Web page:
Naturally Occurring Prohibited Substances In Horse Feed

Naturally Occurring Prohibited Substances In Horse Feed

Feed safety can be divided into two areas. The first is that feed should be free from substances that cause harm such as poisons, toxins. The second is that feeds marketed and promoted for equine athletes need to be free from prohibited substances that would cause the horse to fail a drug or “dope” test. Many prohibited substances are of pharmaceutical origin and would include things like steroids or painkillers. However, there are also some that are naturally occurring in plants, so called NOPS, and these are often harder to avoid. There have been incidents of horse feeds containing NOPS and so it is an issue that is taken very seriously. Both the racing authorities and the FEI   (Fédération Equestre Internationale) who oversee the Olympic disciplines have detailed rules about NOPS. If any prohibited substances are found in post-race or post-competition samples taken from the horse, it is likely to result in disqualification from the competition and potential bans from the sport for a period of time if the trainer or rider is found to be negligent.

How to Avoid Naturally Occurring Prohibited Substances

There are ways in which you can avoid Naturally Occurring Prohibited Substances in Horse Feed. When using hay, feed, and supplements for your horse, ensure you use a reputable, trusted supplier and ideally one that is approved under the BETA NOPS scheme as this demonstrates they are taking action to reduce the risk of contamination. It is also good practice to keep records of the horse feed used and ideally a small sample that can also be tested should the worst happen.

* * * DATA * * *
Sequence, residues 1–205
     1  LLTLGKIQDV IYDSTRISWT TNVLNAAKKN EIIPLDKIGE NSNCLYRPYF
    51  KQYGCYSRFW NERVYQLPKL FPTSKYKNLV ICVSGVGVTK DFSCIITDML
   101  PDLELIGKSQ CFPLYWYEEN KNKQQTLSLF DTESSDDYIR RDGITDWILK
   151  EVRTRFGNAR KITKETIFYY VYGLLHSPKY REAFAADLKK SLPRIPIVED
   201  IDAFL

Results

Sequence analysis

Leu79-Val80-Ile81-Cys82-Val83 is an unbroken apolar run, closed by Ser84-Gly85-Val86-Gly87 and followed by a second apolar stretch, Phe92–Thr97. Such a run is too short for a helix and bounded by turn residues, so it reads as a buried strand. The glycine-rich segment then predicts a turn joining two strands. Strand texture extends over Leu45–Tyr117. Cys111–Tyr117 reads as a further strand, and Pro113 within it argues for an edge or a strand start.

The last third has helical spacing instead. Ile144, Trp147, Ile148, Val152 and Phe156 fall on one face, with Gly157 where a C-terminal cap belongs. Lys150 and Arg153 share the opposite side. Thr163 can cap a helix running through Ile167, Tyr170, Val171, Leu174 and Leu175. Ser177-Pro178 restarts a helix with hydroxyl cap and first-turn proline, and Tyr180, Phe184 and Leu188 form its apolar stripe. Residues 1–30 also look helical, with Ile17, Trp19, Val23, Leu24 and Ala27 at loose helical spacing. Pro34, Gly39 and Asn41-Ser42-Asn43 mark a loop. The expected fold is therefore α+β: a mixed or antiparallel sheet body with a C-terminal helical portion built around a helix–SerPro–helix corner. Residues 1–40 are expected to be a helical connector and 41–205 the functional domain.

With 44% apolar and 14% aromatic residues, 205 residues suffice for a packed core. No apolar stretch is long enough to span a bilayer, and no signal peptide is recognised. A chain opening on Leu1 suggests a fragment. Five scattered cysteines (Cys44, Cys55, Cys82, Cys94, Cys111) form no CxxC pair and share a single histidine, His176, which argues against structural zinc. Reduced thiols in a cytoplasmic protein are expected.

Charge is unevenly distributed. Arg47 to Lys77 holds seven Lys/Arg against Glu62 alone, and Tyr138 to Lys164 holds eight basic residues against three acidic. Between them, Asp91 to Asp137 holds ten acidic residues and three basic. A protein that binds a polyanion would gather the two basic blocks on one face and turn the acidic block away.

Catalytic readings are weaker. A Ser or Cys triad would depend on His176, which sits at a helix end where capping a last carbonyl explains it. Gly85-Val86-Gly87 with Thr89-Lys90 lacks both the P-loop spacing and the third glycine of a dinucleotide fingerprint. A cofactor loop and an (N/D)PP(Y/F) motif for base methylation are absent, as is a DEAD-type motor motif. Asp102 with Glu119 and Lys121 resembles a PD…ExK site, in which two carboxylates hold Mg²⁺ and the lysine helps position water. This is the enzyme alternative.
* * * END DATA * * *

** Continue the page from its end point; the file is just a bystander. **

The list of naturally occurring prohibited substances is constantly evolving, so it is vital that you consult the FEI website regularly. BETA NOPS approved companies are more likely to be aware of changes and updates as they will be notified by BETA and so are less likely to miss things. CBD, for example, is a naturally occurring substance deriving from the hemp plant. Although widely used by people and even their pets for a wide range of reasons, CBD has recently been added to the list of banned substances and is already included in the BETA NOPS scheme.

Examples of NOPS and where they come from

The most commonly know NOPS is caffeine which is obviously found in coffee and tea but also in so-called energy drinks. Chocolate is a source of theobromine and a very important NOPS is morphine which is found in poppies both ornamental varieties and those grown commercially for poppy seeds to be used in bakery products and for morphine itself. As these plants can migrate out of people’s gardens into paddocks, verges and other green spaces, it is important to be vigilant as you could find them growing in your own fields.

When feeding your horse, cleanliness is elemental to the avoidance of prohibited substances. Troughs and bowls should be cleaned to the highest of standards to avoid contamination. It is also important that you don’t share feed buckets, stirrers etc with anyone else as they could be using medications or products that might contaminate your feed. You should also take care when storing your feed, especially when you travel abroad, as different materials are fed to horses in other countries and people may just not be aware of the possible risks. If you can take your own forage when you travel then that is desirable – there have been cases where competitors have fed hay provided by the competition venue and then tested positive for a NOPS!